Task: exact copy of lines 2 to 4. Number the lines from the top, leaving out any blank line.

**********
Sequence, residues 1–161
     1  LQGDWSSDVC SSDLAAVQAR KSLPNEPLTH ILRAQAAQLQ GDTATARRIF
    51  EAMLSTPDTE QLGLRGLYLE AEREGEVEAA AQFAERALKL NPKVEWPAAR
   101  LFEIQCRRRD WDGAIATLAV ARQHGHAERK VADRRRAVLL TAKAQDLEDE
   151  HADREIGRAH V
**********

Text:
     1  LQGDWSSDVC SSDLAAVQAR KSLPNEPLTH ILRAQAAQLQ GDTATARRIF
    51  EAMLSTPDTE QLGLRGLYLE AEREGEVEAA AQFAERALKL NPKVEWPAAR
   101  LFEIQCRRRD WDGAIATLAV ARQHGHAERK VADRRRAVLL TAKAQDLEDE